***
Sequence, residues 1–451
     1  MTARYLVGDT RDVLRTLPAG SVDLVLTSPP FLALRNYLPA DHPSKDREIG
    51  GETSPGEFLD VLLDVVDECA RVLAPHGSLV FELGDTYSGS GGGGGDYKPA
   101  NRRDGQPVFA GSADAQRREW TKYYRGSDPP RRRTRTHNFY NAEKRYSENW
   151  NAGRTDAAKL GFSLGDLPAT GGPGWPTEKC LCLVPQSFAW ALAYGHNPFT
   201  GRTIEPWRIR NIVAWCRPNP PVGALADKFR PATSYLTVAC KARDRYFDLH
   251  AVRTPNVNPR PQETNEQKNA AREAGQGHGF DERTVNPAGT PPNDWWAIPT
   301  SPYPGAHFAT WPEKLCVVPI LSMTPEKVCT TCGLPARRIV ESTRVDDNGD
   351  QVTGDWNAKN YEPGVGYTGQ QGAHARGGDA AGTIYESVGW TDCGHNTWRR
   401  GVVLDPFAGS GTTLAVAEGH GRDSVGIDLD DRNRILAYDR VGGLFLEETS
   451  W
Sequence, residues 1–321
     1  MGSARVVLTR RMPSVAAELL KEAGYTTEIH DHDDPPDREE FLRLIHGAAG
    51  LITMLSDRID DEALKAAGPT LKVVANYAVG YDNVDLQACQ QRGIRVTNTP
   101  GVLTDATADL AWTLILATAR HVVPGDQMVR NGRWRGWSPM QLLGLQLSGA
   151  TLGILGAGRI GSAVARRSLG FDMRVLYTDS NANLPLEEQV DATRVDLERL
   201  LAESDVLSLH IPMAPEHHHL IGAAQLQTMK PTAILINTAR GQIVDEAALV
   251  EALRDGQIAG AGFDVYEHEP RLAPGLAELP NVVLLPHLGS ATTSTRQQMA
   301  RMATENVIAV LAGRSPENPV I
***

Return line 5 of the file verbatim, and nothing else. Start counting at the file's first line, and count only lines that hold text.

   151  NAGRTDAAKL GFSLGDLPAT GGPGWPTEKC LCLVPQSFAW ALAYGHNPFT